From the situations I read about, combat bailout jumps were almost never made under ideal conditions (stable aircraft going less than 150 mph at proper altitude). In fact, there are some amazing tales of survival, including people who survived being thrown out of exploding aircraft. Many jumps were made at very low altitudes, giving the flyers very little to no time to stabilize their bodies and pull the ripcord “by the book.” Training was very minimal and often, especially in the RAF, completely absent. Thus, there is a strong prima facie case for similarity between Cooper’s jump and bailout jumps done in WWII.

Re-examination of WWII parachuting

In my original paper, I back-engineered a method for estimating Cooper’s survival probability using the available WWII parachuting data, which amounted to comparing the number of airplanes lost (multiplied by the number of crew per aircraft) to the number of POWs held by the Axis powers. This gave an approximate survival rate of 80%. This process was done for several reasons, among them to save time, get a bigger sample size and because there wasn’t an easily accessible collection of complete data. Unfortunately, aggregation of data at this level allows for a lot of variance. Other confounds included not knowing the conditions surrounding every bailout situation, and the fact the number of POWs didn’t necessarily represent the true number of survivors.

What was really needed was raw data from a large pool of actual parachuting events aggregated by a third party. In the process of finishing the first paper, I found just such an index. It was nearly complete and would give a good comparison between night and day jumps. Most importantly, it was not based on survivor self-reports, the information was third party and independently researched. Overcoming survivor bias is, in fact, the main problem this data set solved. If you use only self-reported survival stories, you automatically skew the data toward survival as non-survivors can’t relate their experiences.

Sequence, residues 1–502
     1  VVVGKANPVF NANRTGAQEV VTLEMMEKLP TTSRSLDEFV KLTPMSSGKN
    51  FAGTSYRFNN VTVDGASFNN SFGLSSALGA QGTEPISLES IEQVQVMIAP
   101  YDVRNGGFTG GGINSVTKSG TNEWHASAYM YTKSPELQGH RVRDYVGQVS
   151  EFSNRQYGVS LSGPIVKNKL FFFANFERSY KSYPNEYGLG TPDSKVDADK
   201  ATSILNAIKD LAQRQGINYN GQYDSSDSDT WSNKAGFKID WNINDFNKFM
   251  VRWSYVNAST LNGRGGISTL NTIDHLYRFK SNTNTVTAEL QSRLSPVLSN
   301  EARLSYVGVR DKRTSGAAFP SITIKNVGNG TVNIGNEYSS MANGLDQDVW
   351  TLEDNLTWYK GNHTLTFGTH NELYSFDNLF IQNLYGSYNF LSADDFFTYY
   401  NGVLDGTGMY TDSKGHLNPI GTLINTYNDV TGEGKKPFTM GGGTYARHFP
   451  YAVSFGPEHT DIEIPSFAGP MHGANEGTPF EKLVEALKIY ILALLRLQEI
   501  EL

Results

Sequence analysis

Further, the data is only from Denmark. Confining the events to a single geographic region helps control the number of variables; most importantly the civilian population of Denmark wasn’t inclined to murder allied airmen like those in Germany (there are some anecdotes about German civilians and SS troops executing downed allied airmen, however Freeman Dyson discounts this as a major survival factor in his book “Disturbing the Universe”). In essence, this data acts as a natural experiment to compare night and day jumps, and also gives us a healthy sample size from which to draw conclusions about Dan Cooper’s survival.

The results

In 66 nighttime bailout events involving 210 jumpers, there were 192 successful parachute deployments for a 91.4% survival rate. There were 6 possible no-pulls, i.e. bodies found with undeployed parachutes, and 4 apparent parachute mals. For the daytime airmen, we have very similar results. In 46 situations, there were 244 airmen leaving stricken aircraft with 235 survivors on the ground for a 96.3% survival rate. Again we find four apparent parachute mals, but only one possible no-pull. The 91.4% survival rate for RAF airmen jumping at night is significantly higher than the result from my initial study, and it gives more credence to the possibility of DB Cooper surviving his jump.

It needs to be stated that none of the no-pulls are confirmable. There was no record anywhere in this sample of a group of men leaving an aircraft together only to discover someone didn’t get a handle on their ripcord. There was a total of 454 jumpers between both groups, so the fact we have not one confirmable no-pull should be a significant indicator of how rare no-pulls must have been. There were tens of thousands of bailouts during WWII, so it’s a near-certainty that some no-pulls happened. But I can’t find enough information to get a baseline on just how often they occurred. Even using the number of possible no-pulls among the RAF in Denmark as a baseline for inexperienced night jumpers, we’re looking at a rate of less than a 3%.